What I have always loved about softball is that it is a team sport and I was good at it. I remember when I was in sixth class and we won against the other team who always won. That really fired me on, as I saw sport as something I could be successful at.
I played sport a lot when I was in primary school, and then I didn’t play for a long time because of problems with my back. It turned out my tailbone was out by 70 percent and, at age 11, I either took the risk of having an operation or spending life in a wheelchair. I had the operation and then spent six months in hospital. After that, the doctor said I could do whatever I wanted.
At high school, I continued to play, and then I studied to become a nurse and became an ambulance officer. At that time, I also started up a softball team, the Ambulance Sirens. Basically, it was just a number of the female ambos, not all of them dykes, who wanted to play softball. For me, it was again being part of a team sport. In that first year, we had about 22 players -“ both dykes and straight girls -“ and we went on to win the championships in the city competition.
We had lots of players coming and going, so we eventually called on the lesbian community for players. We also became known as The Sirens. At one stage, we had four teams and it was very busy. Some of the women came along because they were single and wanted to meet a partner, so lots of love affairs happened out of the club. There are also a few long-term relationships which have endured from this.
I have been with my partner Fran for 10 years and, while we didn’t actually meet through softball, she did come along for one season before hanging up her boots. She is still involved -“ these days as team scorer.
It was a huge challenge at the time to keep four teams on the go, and eventually we decided to downsize and it became one team. It is so much easier to manage, but we remain strong.
In those early days, we were playing out of Auburn, and there was some homophobia going on. We would hear sniggers and comments along the sidelines, and there were some calls by the refs against us, which were pretty questionable. Eventually we went to the club president and said we would not accept it. Fortunately for us, she was a dyke too and it was taken care of.
Back in 1997, I had an accident at work and had to stop playing. I picked up a big patient, and my back just gave way. I had to change careers, so I went to university to study Health Studies HIV Science, and then got a job in HIV prevention. I am still there and am acting manager of a resource and education program. It keeps me busy.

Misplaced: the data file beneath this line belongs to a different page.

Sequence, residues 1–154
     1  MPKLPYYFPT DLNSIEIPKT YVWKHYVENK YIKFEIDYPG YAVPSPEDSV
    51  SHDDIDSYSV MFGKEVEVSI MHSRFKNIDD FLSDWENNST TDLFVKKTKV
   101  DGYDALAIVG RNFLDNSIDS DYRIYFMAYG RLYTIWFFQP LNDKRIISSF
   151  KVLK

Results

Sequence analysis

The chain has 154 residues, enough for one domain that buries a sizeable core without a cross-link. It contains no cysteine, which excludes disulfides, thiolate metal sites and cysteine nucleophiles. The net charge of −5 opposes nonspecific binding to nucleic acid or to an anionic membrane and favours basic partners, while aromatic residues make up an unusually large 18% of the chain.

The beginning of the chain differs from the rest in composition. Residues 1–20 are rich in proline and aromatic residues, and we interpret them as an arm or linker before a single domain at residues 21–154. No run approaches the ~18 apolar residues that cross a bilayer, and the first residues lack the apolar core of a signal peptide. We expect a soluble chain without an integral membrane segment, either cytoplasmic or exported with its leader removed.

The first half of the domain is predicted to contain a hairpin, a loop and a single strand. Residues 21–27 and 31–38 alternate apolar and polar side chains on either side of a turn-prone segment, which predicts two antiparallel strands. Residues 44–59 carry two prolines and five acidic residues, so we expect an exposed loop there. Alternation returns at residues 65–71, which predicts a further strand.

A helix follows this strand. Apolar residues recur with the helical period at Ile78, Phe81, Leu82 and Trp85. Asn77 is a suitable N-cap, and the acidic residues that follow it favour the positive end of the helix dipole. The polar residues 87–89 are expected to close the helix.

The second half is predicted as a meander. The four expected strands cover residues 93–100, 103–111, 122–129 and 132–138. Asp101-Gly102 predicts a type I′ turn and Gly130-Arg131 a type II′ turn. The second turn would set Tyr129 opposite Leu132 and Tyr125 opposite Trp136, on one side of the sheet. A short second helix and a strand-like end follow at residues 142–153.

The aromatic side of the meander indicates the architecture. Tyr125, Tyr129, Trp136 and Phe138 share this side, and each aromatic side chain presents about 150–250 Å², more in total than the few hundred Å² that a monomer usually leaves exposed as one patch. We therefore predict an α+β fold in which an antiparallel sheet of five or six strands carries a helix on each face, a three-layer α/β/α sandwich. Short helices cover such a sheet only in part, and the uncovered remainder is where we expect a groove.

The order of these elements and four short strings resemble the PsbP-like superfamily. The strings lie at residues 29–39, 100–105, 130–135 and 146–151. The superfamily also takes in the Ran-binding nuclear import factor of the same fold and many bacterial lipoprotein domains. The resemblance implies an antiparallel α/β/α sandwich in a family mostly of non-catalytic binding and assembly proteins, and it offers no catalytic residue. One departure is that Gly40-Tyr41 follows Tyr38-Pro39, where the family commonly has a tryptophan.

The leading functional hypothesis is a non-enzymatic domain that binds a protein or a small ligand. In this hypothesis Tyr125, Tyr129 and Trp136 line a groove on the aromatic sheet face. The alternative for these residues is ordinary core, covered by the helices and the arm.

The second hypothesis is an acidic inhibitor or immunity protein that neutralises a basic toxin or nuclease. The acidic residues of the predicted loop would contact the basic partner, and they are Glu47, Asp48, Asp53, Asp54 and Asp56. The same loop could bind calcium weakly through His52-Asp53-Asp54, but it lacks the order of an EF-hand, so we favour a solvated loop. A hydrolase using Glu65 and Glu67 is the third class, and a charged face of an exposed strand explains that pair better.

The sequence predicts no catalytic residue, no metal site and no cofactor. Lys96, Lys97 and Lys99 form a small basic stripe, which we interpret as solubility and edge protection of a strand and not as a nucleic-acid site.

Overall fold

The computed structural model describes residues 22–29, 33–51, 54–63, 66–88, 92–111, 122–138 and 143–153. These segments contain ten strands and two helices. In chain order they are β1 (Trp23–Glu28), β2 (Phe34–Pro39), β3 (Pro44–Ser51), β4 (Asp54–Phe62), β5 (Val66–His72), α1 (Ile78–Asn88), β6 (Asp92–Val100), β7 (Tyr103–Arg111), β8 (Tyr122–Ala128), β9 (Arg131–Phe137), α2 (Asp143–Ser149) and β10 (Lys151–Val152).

Because I couldn’t play softball any more, I became the coach. It was frustrating at first, as I would stand on the sidelines and watch people out on the field, thinking that I could do better. I just wanted to still be out there. But I couldn’t. So I made it my job to help make our players as good as they could be.
We are all of different levels and there are no expectations within the team, except to be part of the team. We like to win but, if you drop the ball, no one is going to yell and tell you off. Everyone supports each other and has a good time.
The season runs from August to December. The core group of people keep coming back every year, and you see them developing those skills. We had one player who wasn’t too good when she started. Now, after five years of hard work, she is a great player and hitting home runs. That is so satisfying to watch.
A couple of seasons ago, the girls gave me a shirt which has the word Giddyup on it. When people are on first base and have to run, I call out to them to giddyup and get moving. I think we rattle the other teams when we start talking -“ our voices are much louder than the straight girls’. They know never to try to shut me up -“ that’s my job.
These days, we are at Georges River down at Panania and there are about 15 of us in the group. We have about only one straight girl playing with us at present. Sometimes when I tell new players we are a lesbian team, they bring their husband along to keep their eye on everything. But when everyone realises it is just a group of women playing a game, we just get on with it. Last year, we played so well we won the Grand Final, and we’re aiming to do the same this year.
Interview by John Burfitt
The Sirens can be contacted on 9810 1773.